Google Data Studio offers everything a marketer dreams of in an executive dashboard.
But, you need to know how to use it.
In this blog, I’ll teach you how to create a Google Data Studio dashboard for marketing.
What Are Google Data Studio Dashboards For Marketing?
Google Data Studio is, essentially, a way to deliver data to clients in a way they’ll understand.
Because here’s the thing about SEO reports: communicating and presenting key metrics to clients who aren’t familiar with the data can be pretty complicated.
Excel charts aren’t exactly the most user-friendly, and even Google’s default dashboard leaves a little to be lacking in terms of visually presenting data.
Add on to that the headache of trying to include data from multiple sources into one view or chart.
For example, data pulled from Facebook and AdWords used to be extremely hard to analyze side-by-side.
At least, it was until Google introduced Google Data Studio.
Data Studio gives marketers the ability to visually present complex metrics and themes.
It’s part of the new Google Analytics 360 Suite, which includes a bunch of other cool tools for Google users.
But it doesn’t come cheap.
Luckily, there’s a free version available that offers Data Studio.
What Can You Do With Google Data Studio Dashboards For Marketing?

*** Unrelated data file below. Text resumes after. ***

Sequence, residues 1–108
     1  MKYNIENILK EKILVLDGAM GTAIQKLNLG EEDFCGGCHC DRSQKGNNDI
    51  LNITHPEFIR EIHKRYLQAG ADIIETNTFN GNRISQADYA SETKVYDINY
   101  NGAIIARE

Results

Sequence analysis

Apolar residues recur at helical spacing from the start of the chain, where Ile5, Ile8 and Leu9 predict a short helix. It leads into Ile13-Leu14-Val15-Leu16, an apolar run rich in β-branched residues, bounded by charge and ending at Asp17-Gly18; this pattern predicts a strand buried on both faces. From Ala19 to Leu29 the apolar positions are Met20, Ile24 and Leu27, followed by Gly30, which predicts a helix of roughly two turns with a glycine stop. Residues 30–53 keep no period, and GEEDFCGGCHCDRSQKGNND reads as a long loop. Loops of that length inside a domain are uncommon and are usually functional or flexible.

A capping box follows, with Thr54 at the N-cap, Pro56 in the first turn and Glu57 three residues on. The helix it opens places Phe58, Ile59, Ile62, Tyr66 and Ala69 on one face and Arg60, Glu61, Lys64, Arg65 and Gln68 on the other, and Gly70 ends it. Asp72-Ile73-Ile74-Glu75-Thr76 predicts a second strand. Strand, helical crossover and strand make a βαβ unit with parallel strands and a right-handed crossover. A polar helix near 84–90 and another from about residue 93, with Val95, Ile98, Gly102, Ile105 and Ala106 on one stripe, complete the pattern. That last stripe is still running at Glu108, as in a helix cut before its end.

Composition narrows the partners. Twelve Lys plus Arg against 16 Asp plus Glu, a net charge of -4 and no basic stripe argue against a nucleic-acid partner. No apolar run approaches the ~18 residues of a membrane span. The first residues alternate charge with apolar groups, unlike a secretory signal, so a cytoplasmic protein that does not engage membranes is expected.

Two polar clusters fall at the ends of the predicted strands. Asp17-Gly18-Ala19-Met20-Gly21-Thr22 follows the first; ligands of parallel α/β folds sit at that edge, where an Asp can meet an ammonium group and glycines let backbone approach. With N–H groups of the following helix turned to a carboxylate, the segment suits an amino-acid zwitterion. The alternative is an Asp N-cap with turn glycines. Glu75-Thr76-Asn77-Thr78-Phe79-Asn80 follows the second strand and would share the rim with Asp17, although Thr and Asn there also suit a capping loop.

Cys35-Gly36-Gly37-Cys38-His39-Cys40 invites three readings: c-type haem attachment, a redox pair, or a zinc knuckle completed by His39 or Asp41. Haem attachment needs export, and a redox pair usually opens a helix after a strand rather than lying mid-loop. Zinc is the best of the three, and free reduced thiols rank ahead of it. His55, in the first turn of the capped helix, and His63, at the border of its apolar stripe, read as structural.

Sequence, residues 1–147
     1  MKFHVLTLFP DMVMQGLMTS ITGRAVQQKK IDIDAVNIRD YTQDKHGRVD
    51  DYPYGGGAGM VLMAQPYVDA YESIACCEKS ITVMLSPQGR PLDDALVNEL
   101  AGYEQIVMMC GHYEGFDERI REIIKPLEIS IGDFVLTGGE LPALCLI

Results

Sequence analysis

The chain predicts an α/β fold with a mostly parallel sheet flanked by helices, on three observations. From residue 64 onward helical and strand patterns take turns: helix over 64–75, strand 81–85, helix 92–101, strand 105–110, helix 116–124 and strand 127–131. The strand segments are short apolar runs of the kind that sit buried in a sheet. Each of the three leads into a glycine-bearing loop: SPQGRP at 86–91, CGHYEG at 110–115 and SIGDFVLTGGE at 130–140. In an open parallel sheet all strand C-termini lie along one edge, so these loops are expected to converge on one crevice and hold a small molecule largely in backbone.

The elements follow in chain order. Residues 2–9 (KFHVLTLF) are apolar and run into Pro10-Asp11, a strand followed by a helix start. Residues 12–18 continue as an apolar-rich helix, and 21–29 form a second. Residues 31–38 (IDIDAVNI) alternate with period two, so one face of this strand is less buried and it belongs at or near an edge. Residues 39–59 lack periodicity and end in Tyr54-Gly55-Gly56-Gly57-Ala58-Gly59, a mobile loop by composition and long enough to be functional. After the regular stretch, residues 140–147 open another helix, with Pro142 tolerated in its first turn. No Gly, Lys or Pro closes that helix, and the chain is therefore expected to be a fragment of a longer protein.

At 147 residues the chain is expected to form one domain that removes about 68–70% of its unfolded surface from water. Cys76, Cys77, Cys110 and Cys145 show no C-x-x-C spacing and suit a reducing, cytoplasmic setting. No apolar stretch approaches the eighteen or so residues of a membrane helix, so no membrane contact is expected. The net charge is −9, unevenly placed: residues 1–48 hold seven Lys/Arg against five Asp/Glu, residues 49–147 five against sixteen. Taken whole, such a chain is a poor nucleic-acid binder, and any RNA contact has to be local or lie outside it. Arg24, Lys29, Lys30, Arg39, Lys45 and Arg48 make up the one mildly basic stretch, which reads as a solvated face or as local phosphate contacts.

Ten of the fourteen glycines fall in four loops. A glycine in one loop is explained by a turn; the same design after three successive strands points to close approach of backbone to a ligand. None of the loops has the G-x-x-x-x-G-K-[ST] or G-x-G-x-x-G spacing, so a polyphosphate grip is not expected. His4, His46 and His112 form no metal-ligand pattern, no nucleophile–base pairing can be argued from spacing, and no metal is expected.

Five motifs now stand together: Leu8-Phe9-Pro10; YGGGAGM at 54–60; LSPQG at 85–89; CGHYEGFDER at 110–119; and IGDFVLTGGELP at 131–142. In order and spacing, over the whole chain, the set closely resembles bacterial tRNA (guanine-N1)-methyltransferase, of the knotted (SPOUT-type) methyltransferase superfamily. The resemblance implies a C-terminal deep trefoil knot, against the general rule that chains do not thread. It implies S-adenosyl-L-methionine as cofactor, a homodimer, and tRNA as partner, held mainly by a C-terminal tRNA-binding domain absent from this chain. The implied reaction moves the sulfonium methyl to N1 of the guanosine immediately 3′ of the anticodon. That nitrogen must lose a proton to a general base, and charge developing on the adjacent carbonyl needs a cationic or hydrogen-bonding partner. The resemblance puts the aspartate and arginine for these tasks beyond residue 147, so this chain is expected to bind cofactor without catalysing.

Data Studio comes with a few major features.
Visualize and Customize Your Data
First up is the ability to visualize your data through highly configurable charts and tables.
With data studio, your data is stored in a dashboard that’s fully customizable.
Basically, you start with a blank canvas and choose exactly what you want to appear where.
Create single-page dashboards for your team or multi-page reports for clients, all with information tailored to a particular campaign.
It features an easy drag and drop editor, and available visualization includes bar charts, pie charts, time series, geo maps, paginated data tables, and more.
There are no fixed columns or widget areas, so you can literally drag and drop data anywhere that makes the most sense for your specific report.
You can also include links and clickable images to create video libraries, product catalogs, etc.
The dashboard is also fully interactive, so you and your clients can click on dropdowns, etc. to update information in real time.
For example, I can include a full Source/Medium report like the one below, where I could pull data from different traffic sources and channels to show clients how each channel is performing, and which sources are bringing in the most traffic.